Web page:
More Information
Author Dana Lixenberg
Pages 208
Signed No
ISBN 9789059731103
Publisher Paradox / Episode Publishers
Publishing date 2008
Publishing place Edam / Rotterdam
Language Dutch, English
Edition First edition
Binding Softcover
Book condition Like New
Cover condition As new
Dimensions (cm hxb) 22,5 x 16,5
AN INUPIAQ COMMUNITY SWALLOWED BY THE SEA As a result of global warming Shishmaref, a small island on the west coast of Alaska slightly south of the polar circle, inhabited by 600 Inupiaq, will crumble into the ocean in less then ten years time. Fourteen houses have been moved to safer ground already, another six are jeopardized by the violent waves of winter storms. The island and its inhabitants seem set to become the first clear victims of global warming and inadequate international environmental awareness. A majority of the Inupiaq population have voted to move to a new location on the Alaska mainland across the bay, where they hope to preserve their traditional way of life as much as possible. Debates held during the past few years about where to relocate, revealed tensions between the older generations and adolescents. The youth are bored with five bingo evenings a week and the modest sports hall as the only entertainment facility available. The grown-ups - and especially the women - fear the influence of the city and the accompanying confrontation with alcohol and drugs, still totally absent on Shishmaref, responsible for the collapse of so many small communities in this region and others. The Last Days of Shishmaref is a project employing diverse media which supplement and enhance one another: a website, a documentary film, a book, a touring exhibition and an educational project for secondary schools, accompanied by a DVD. By constructing a framework in which these various elements can continue to stand next to one another for the duration of the project, the project can become more than just a record of a given moment in time, interrogating both the notion of (social) identity in relation to location and the threat of global climate change. The countless news crews that visited the island over the past years paid no attention to the society as such. Almost all of them reported from the island in front of the house that hangs precariously over the eroding coastline. The climate message was the main focus of their stories. To filmmaker Jan Louter and photographer Dana Lixenberg, in contrast, the climate was a backdrop for the histories of people, of a community, of a life in all its paradoxical intricacies. Images of the hunt and of immense seascapes and snow-covered landscapes interact with intimate portraits and scenes from cluttered interiors. The impression it leaves yields more questions than answers: questions about identity, dignity, transience and mortality. What does it mean for an individual, for a culture to be forced to leave the land where their forefathers were born? In the exhibition Dana Lixenbergs photographs are presented alongside a spatial montage of film scenes from Jan louters film, shot by cameraman Melle van Essen. The current situation of the island will be featured as projected newsfeed and the accessibility of the website. The website containing background information on the island and on climate issues, also shows historic film- and photography material. Family ties play a central role in the book with photos by Dana lixenberg. The portraits, details from interiors, village tableaux, land- en seascapes give a nuanced impression of a close community balancing between a past rooted in tradition and an uncertain future. Lixenberg took her pictures with a large-format camera, a method that requires an intimate collaboration between the photographer and her subject. Combining a variety of contemporary and historical materials and the input of professionals as well as the community, the project will appeal to both readers with an interest in anthropology and photography as well as those concerned with climate change.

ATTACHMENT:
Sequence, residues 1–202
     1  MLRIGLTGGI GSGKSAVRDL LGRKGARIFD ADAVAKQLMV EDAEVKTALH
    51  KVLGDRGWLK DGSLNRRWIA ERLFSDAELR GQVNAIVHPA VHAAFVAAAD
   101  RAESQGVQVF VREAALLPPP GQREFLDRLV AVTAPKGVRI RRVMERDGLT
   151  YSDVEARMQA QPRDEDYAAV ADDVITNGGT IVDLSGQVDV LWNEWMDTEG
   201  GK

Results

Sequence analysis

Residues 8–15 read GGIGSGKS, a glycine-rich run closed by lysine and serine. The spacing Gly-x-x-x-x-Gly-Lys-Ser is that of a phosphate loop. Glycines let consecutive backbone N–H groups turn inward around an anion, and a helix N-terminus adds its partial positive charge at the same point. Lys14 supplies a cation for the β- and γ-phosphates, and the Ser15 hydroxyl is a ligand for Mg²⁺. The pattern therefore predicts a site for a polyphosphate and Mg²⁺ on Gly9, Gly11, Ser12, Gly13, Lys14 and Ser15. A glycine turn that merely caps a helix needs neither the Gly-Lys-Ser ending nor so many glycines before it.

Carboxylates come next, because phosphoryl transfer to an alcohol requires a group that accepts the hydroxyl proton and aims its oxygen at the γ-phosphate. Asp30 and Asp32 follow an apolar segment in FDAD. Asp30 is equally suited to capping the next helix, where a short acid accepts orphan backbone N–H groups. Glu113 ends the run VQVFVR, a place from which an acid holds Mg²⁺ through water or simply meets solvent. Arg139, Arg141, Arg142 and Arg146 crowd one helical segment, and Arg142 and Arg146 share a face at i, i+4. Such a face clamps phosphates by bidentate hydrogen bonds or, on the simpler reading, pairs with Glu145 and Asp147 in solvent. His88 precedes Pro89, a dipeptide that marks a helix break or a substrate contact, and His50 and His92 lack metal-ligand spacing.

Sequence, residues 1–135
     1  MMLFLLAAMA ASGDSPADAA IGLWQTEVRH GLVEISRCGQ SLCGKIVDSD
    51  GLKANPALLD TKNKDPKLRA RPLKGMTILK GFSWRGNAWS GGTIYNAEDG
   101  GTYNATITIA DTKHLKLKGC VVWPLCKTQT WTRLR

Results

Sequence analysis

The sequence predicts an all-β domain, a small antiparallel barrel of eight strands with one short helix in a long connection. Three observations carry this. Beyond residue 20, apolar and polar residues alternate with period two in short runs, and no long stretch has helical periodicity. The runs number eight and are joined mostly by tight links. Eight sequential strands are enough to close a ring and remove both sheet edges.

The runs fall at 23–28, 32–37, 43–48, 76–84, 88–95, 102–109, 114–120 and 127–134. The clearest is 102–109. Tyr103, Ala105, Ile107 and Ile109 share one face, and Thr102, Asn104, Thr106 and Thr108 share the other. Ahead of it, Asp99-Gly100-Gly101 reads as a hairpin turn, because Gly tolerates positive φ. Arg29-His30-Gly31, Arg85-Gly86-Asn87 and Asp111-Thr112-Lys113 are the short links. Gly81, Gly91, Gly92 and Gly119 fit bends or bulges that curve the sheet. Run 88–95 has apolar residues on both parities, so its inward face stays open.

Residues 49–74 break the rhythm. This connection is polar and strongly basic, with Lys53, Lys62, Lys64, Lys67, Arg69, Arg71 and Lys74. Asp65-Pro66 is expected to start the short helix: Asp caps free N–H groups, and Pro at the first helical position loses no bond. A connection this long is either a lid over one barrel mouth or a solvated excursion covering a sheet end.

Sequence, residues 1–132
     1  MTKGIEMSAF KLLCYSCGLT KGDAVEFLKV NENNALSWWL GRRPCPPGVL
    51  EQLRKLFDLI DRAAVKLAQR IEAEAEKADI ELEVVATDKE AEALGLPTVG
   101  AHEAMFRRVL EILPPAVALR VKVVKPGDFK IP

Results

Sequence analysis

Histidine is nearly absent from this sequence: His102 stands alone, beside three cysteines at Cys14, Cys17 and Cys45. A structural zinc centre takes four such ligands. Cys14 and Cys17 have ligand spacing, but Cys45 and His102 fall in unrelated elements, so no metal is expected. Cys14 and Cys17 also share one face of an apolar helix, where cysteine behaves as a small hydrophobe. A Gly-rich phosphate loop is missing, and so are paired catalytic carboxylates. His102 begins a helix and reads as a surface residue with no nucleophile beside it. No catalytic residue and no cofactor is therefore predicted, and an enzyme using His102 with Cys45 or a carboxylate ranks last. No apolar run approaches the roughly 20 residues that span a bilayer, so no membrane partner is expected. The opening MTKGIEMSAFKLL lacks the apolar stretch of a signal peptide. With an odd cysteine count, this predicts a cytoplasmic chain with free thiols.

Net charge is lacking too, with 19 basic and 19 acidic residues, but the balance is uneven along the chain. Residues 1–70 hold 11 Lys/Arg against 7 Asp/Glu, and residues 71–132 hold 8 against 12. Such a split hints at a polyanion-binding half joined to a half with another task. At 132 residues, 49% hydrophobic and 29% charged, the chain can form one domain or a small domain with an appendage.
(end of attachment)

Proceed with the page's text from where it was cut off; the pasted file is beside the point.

The Photobook: A History (Parr & Badger)

Dana Lixenberg: The Last Days of Shishmaref

Shishmaref is disappearing. The village on an island off the coast of Alaska is slowly but surely being swallowed up by the sea. Global warming is causing the island's protective permafrost layer to melt; the Chukchi Sea is freezing later in the season, leaving ravaging waves free to batter the island. It is estimated that the community of 600 Inupiaq Eskimos will have to leave their native land before 2020. Photographer Dana Lixenberg stayed in Shishmaref for several weeks during the winter and summer of 2007 creating a nuanced and complex portrait of this close-knit community, a community balancing between a past rooted in tradition and an uncertain future.
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